Charges were dropped against adult film star Stormy Daniels on Thursday after an Ohio strip club arrest that her lawyer slammed as a "politically motivated" setup against the woman suing President Donald Trump.
Daniels, 39, was apprehended without incident during a performance late Wednesday at the Sirens club in Columbus, Ohio after officers accused her of touching patrons "in a specified anatomical area."
Police approached Daniels, who was topless and wearing a G-string, after she was seen "using her bare breasts to smack the patrons" and "fondling the breasts of the female patrons," according to an incident report published online by a local news outlet.
Daniels allegedly held her breasts against one female detective's face, before "forcing" the face of a male officer into her chest and "smacking his face with her bare breasts."
She performed the same acts on a male officer after "fondling" his buttock and chest.
Ohio law prohibits employees who regularly appear "nude or semi-nude on the premises of a sexually oriented business" from being touched by or touching club-goers, unless they are members of the dancer's immediate family.
Another officer in the back of the venue went to get backup before arresting Daniels, who was released on bond.
Her lawyer Michael Avenatti announced Thursday that the charges had been "dismissed in their entirety" and thanked prosecutors for their "professionalism" in a tweet.
The state of Ohio moved to dismiss the case because it did "not have probable cause to proceed on any of the three charges set forth in the complaints," according to scanned court documents that Avenatti posted to social media.
The court papers said "no evidence" was provided that Daniels "appears or has appeared regularly at Sirens."
Avenatti charged earlier that "undercover" officers "asked" for the touching.
"Unbeknownst to her the police set up a sting operation within the strip club," he told MSNBC.
"During her performance, they asked her if they could place their face in between her breasts while she was performing on stage," he said.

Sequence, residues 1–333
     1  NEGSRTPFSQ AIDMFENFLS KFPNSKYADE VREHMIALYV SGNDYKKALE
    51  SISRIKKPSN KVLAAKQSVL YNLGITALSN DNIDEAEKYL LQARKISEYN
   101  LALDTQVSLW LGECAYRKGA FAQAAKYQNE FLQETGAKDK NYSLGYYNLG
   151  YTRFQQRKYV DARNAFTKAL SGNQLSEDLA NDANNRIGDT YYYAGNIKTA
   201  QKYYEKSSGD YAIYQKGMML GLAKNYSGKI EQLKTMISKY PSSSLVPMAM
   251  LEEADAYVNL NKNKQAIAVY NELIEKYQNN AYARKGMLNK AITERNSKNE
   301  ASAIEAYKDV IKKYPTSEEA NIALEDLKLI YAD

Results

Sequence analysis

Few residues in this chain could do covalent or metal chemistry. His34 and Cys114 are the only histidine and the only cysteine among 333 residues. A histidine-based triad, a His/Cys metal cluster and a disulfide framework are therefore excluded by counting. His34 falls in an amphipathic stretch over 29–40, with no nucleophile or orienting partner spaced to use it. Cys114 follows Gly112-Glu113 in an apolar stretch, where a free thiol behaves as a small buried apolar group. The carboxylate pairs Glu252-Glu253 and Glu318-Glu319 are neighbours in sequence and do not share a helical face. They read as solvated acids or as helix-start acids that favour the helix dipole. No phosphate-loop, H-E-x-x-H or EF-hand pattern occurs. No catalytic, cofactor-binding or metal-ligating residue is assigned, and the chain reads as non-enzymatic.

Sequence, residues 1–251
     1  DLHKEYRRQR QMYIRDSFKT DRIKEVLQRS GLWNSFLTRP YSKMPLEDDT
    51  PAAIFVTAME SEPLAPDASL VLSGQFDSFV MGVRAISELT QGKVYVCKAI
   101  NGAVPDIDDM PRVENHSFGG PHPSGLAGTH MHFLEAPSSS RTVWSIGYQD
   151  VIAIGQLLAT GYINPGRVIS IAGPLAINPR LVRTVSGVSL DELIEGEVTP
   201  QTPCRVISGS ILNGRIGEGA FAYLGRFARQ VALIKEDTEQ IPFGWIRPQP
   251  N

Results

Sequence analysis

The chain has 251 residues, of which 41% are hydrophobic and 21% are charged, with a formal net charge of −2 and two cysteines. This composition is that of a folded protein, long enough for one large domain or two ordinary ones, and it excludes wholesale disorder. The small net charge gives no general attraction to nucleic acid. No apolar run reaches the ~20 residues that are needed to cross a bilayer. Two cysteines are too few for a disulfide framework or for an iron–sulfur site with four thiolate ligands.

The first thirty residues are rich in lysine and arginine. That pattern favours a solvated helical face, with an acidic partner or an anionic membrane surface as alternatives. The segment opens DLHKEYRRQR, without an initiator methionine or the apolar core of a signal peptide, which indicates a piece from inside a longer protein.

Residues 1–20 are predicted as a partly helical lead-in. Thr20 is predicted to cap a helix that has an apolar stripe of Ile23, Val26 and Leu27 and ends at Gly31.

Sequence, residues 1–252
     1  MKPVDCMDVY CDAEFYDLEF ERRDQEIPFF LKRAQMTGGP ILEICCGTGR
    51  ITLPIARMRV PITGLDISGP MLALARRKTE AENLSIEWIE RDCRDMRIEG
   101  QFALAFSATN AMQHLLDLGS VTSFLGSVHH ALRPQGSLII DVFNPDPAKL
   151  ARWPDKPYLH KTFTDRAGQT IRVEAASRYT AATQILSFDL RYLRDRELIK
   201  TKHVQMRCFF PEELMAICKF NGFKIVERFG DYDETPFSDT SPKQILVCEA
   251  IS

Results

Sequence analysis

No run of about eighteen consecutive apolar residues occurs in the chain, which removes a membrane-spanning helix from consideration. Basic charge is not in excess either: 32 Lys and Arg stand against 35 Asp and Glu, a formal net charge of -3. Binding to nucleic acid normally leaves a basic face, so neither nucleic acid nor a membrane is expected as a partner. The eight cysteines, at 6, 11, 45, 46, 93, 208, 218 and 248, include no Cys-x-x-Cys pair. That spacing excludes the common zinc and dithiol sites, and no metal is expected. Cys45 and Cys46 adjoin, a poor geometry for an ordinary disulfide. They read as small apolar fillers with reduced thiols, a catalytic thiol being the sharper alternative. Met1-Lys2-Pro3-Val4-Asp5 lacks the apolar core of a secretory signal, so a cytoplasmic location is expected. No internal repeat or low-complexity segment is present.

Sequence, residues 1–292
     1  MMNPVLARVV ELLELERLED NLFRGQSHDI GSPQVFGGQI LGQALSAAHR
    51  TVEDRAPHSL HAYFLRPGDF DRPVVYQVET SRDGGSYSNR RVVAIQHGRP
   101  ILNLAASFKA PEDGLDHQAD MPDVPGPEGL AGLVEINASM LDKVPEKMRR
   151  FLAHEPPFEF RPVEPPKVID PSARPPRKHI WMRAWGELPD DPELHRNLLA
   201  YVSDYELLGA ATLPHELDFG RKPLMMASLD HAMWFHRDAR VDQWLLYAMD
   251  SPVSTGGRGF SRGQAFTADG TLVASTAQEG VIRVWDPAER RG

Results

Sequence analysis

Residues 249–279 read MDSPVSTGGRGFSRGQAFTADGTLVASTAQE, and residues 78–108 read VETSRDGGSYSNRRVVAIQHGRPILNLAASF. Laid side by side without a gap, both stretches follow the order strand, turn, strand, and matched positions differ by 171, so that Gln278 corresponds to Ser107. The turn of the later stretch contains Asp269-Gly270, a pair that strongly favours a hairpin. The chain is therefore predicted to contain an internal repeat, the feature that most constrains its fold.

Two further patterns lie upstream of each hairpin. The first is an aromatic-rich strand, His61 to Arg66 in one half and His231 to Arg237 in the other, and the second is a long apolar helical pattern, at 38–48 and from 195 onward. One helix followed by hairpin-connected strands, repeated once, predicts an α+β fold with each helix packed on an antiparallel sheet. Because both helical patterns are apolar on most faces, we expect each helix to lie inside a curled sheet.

"And she said yes."
Avenatti called the three misdemeanour charges "an absurd use of law enforcement resources."
Daniels later announced that a follow-up performance at the same club Thursday — initially cancelled — would go ahead after all.
She vowed to donate "all tips" to the lawyers' fees for two other dancers arrested with her. "Come support the working women of this city," she tweeted.
Daniels, real name Stephanie Clifford, is suing Trump and his former personal lawyer Michael Cohen to nullify a 2016 non-disclosure agreement preventing her from speaking out about an alleged affair she says she had with Trump in 2006.
Cohen paid Daniels $130,000, just days before the 2016 election, in exchange for her silence.
She wants the non-disclosure agreement thrown out on the grounds that it is not valid because Trump never signed it.
Asked if Daniels' arrest could impact her legal wrangling with Cohen, Avenatti said "not at all."
Through White House officials, Trump has denied the affair with Daniels, although Cohen has admitted paying her $130,000 as part of the agreement.
He initially said he used his own money to pay Daniels and was not reimbursed by Trump.
However, the Republican president — who initially denied knowledge of the payment — subsequently conceded that Cohen was in fact reimbursed.